\(x = {b \pm \sqrt{b^24ac} \over 2a}\)
Competitive profit (the final metric)
The evaluation process is as follows:
 Compute average profit rank. First the average competitive profit that your model makes in a market of size 10 (i.e. with 9 other random players) is computed. This gives your model a profit rank.
 Compute realistic
competitive profit
. In a realistic market models that don't perform well don't exist (i.e. go bankrupt). So to compute the realisticcompetitive profit
, we place your model in a market of size 10 with 9 other models picked from the top 10% of the the ranking obtained in step 1.
Two important notes:
 The profit rank in step 1 is not used in the leaderboard. Only the ranking in step 2 is used in the leaderboard.
 Rankings from both steps are generated as a result of many many runs of different random markets. On average you can expect your model to have competed against every other model present at least once.
π Market rules
There are two rules that your submissions to the profit leaderboard, and final submissions must follow:
 Nonnegative training profit. Your models must be profitable on the training data. That is, the sum of your premiums must not be less than the sum of the claims.
 Participation rule. Your model must participate (i.e. win at least 1 policy) in 5% or more of the markets it is placed in.
π Weekly Market Feedback
In a real insurance market, every time you participate, you will get some feedback. In this game, each week thousands of markets are run! and you will get feedback about your performance in those markets.
You get two types of feedback:
 A plot and some KPIs
 Summary statstics about policies you have won
Below you can see examples of both of these. For more details on how they are computed please see here.
Example feedback plot (See here for details)
One example of the six feedback tables (see here for details)
πΎ Dataset
You can download the dataset from the resources tab.
The dataset contains a total of 100K real historical car insurance policies over 5 years in the recent past.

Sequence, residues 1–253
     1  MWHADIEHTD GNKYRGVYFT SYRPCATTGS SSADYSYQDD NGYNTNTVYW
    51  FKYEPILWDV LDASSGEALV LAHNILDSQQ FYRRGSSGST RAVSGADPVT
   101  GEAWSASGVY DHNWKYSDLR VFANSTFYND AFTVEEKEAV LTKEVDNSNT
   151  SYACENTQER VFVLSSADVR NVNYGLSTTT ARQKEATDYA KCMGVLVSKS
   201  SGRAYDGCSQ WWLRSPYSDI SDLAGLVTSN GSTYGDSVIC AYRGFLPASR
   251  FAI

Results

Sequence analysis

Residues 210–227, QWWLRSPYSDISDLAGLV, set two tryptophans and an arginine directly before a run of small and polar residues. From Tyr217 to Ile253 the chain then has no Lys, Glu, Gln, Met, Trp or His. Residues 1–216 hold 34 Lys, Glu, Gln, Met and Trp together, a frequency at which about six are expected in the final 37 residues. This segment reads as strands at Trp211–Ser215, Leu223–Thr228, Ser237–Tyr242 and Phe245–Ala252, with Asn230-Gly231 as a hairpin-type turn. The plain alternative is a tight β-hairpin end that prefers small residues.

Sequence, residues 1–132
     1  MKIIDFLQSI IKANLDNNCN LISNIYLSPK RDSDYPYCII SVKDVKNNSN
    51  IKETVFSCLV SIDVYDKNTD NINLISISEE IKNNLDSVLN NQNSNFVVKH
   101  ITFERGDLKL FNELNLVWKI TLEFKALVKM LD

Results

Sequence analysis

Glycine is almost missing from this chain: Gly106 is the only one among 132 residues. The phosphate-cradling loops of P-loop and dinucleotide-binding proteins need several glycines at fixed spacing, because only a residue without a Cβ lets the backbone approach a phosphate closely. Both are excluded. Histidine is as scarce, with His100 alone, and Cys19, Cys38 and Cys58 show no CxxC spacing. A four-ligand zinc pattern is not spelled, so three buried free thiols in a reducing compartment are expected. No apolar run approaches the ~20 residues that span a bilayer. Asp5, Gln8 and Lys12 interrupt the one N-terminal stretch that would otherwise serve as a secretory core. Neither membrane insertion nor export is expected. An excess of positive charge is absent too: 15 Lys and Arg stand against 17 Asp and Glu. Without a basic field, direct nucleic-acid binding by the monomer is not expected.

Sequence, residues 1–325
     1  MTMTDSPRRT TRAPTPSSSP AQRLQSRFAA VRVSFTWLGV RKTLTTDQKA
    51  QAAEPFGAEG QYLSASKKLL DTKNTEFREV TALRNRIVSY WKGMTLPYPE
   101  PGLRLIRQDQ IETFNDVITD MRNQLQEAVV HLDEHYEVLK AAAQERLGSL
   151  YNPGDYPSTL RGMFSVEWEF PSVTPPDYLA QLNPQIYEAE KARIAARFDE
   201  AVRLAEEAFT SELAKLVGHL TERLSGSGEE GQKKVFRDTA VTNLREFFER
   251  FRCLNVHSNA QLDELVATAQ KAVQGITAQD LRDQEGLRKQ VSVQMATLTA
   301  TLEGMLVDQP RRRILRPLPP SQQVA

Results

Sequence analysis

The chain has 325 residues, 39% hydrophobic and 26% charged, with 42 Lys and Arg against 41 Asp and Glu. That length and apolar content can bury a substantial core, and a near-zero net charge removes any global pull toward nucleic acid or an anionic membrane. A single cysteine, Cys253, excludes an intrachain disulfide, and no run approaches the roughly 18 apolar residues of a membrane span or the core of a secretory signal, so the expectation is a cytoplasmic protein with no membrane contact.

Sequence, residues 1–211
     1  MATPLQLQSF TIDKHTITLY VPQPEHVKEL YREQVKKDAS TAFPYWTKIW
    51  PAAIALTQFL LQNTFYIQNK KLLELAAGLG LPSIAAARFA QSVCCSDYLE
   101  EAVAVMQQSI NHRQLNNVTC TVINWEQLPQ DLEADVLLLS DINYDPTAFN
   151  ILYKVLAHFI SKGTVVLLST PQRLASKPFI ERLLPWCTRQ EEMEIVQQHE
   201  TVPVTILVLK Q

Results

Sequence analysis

This has been provided by a large car insurance provider in a European country and is a uniform sample from their entire portfolio.
You can find the data dictionary under the resources tab.
The majority of the data concerns thirdparty liability but there are also other types of car insurance (e.g. theft) present.
For this challenge, the data is split in the following way:
Training data
This is 60K policies with 4 years of history (~240K rows). It can be downloaded from the resources tab.
RMSE leaderboard
This contains 5K policies with 4 years of history (~20K rows).
10 weekly profit leaderboards
This contains a total of 30K policies with 4 years of history (~115K rows). It is split into 10 weeks such that:
 Weeks 1  5 each use approximately 7K rows of data from 15K policies with 4 years of history
 Weeks 6  10 each use approximately 20K rows of data from 30K policies with 4 years of history
No row of the data appears twice throughout the 10 weeks of leaderboards.
Test data
The final test dataset, where the final evaluation takes place, includes 100K policies for the 5th year (100K rows). To simulate a real insurance company, your training data will contain the history for some of these policies, while others will be entirely new to you.
π¨ How to submit
There are two methods of submission available in this challenge:
 Submission through Google Colaboratory notebooks.
 Submission from a
.zip
file.
Submission via Colaboratory notebooks
 Python. Visit the starter notebook here.
 R. Visit the starter notebook here. Here is an endtoend walkthrough for a simple R model.
The notebooks are selfcontained and submissions are made through the notebooks themselves.
Submission via a ZIP file
Visit the starterkit available here and follow the instructions.
Once you have prepared your .zip
file, you can then submit it using the link in the top right corner of the page here.
Note: baseline models are automatically excluded from the profit leaderboards.
π Prizes
Amount  Prize sponsor  

1st  $6000 USD  
2nd  $3500 USD  
3rd  $1500 USD  
4th  $1000 USD 
additional community engagement prizes
In addition to the 4 cash prizes for performance in the challenge. We also have community engagement prizes which are:
 A shiny mug
 A great Tshirt
For more information on how to win these please see there.
π Timeline
Launch: 18 December 2020  5:00pm UTC
Deadline: 07 March 2021  11:59pm UTC
Team formation deadline: 31 January 2021  11:59pm UTC
π Research sponsors
This research is supported in part, by the following institutions.
π Contact
Participants
Getting Started

17Description of weekly feedback Almost 3 years ago15

11Insurance Pricing Game : EDA Almost 3 years ago2

6Insurance pricing game: EDA Almost 3 years ago3

5π R Starter Kit Almost 3 years ago6

0π Python Starter Kit Almost 3 years ago1
Notebooks
5

0


0

2


4

0


15

3


8

2